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Idea for Alternative Approach to Swale Construction, Submitted for Your Critique.

 
Posts: 104
Location: Rutledge, MO
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Greetings Permies,

Most of us know that swales are conventionally constructed as a ditch with some of the following characteristics:
- On a slope
- Level
- Downhill berm of uncompacted soil
- Seeded to prevent erosion

I have an alternative idea:

Suppose you met the preceding criteria by importing artificial topsoil and mounding it in the place where excavated soil otherwise would have been.

Consider the following:

A. A financial/ecological/time-spent cost is associated with renting/buying equipment to dig a swale, or dig one by hand
B. Introducing topsoil increases organic matter available in depleted soils, which is what most of are/will be working with
C. A financial/ecological cost is associated with trucking in topsoil

1. In situations where the costs of line C is less than or equal to the costs of line A, then this alternative method may prove an advantageous alternative to the conventional method of constructing swales
2. Where existing organic matter is scarce, high costs in line C, relative to line A, may still prove a long-term advantage

Thoughts?
 
gardener
Posts: 1948
Location: PNW Oregon
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Well, first off not all swales are level (on Contour). A gentile slope where the water runs no faster than you can walk (normal speed) is common. They are constructed level in aired climates for complete water retention.

I don't know about your area, but in mine trucking in top soil will run you much more money, and possibly the same in carbon emissions as digging the ditches on site. Also there is erosion to consider, when digging a ditch you naturally slow down the water running down a hill, before it hits your pile of soil. Just placing soil in a raining climate would be a wash out.

I suppose in the right local and for the right situation just 'adding on' instead of digging would be an option to consider, but it is riskier in my opinion.
 
                    
Posts: 238
Location: AR ~ozark mountain range~zone7a
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heck ya 'clean fill' in TX, 30 years ago use to be nearly free, just stick a sign out by the highway, I doubt it is like that anymore. But still even $300 for a big load of sure enough dirt, is probably better than what ya got. Just be kina careful that the dirt your getting isn't full of round-up or some other really bad stuff, go to the dig site if possible! I wouldn't worry about rain washing out your stuff too much, but if it become a problem, a flat shovel will scoop it back up pretty easy. Some old tree trunks or batter boards make a pretty good, easy raised bed boarder. I live on a gravel hill, digging it really isn't an option for me either, the existing ground is very hard, rocky, I used some rail road ties on top of the ground as a 'temporary form' to put the dirt up against. Once the erosion & settling has taken place the heavy ties will be removed and the trench filled with new trees will replace where the ties were, (kind of like an already dug ditch).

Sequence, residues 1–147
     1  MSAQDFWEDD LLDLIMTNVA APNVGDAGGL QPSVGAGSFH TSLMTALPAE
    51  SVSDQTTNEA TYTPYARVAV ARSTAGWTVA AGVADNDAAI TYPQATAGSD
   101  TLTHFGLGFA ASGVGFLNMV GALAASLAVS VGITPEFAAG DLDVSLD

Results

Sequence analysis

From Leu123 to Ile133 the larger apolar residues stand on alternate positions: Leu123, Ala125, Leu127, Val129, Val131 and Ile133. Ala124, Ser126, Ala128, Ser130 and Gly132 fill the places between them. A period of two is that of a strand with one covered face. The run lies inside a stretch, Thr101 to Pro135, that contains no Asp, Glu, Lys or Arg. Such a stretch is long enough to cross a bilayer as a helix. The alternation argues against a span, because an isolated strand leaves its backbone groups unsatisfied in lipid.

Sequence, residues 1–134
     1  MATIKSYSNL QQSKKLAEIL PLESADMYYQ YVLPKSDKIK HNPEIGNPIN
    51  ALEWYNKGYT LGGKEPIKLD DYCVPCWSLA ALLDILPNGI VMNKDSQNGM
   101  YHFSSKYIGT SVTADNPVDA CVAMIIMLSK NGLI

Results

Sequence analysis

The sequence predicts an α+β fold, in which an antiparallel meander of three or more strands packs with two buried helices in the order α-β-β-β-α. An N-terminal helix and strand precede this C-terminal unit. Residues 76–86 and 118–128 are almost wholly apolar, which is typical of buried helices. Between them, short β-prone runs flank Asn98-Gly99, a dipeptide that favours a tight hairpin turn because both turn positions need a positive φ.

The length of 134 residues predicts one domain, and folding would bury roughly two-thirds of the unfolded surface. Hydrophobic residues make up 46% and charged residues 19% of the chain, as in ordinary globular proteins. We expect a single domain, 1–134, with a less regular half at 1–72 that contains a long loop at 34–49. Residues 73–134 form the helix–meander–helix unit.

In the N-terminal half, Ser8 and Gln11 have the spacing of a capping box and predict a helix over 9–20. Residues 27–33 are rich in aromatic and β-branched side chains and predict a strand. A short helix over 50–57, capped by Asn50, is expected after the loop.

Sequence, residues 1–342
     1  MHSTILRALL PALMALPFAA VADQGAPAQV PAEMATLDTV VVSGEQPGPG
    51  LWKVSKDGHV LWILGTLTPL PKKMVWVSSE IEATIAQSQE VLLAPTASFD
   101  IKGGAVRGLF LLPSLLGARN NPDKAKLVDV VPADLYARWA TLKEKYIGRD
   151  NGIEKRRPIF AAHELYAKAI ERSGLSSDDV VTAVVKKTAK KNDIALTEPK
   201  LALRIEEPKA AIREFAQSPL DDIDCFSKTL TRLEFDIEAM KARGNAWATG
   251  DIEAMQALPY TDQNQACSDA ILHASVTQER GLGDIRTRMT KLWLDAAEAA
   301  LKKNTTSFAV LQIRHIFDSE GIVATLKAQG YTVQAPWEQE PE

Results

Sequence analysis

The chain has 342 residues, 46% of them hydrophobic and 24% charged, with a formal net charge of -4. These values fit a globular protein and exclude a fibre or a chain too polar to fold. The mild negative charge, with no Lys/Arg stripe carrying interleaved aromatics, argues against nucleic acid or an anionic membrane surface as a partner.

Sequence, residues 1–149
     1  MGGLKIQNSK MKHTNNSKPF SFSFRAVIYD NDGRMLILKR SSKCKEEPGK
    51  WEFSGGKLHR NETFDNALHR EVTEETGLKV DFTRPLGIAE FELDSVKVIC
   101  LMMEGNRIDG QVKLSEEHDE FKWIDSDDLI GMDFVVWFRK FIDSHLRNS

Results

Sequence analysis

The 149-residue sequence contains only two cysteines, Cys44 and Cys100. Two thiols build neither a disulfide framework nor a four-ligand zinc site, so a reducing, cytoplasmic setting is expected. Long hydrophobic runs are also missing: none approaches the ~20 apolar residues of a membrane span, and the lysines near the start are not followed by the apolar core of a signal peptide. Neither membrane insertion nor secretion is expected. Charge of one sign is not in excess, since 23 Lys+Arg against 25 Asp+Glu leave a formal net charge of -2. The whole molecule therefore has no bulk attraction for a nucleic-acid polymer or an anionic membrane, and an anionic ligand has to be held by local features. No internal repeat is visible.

If your slowing the run-off down, and even holding it there...your doing it right.

james beam
 
Posts: 168
Location: SoCal, USDA Zone 10b
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Running a financial analysis is always a good idea. I bring in topsoil ingredients like DG and sand and chipped trees and wood and mix them with my own compost to make the soil perfect for whatever trees I'm planting, so for me it's a matter of quality. I can always make my own compost and hugel beds. Green-waste is free. Just construct compost bins where you want the topsoil and then build your hugel beds with the compost in a few months (a year if you don't turn them). But you'll need to do some digging into the dirt or mounding with fill dirt under your topsoil to create water capture zones. If you just mound topsoil over sloped dirt, the water will just run off under your topsoil mounds.



 
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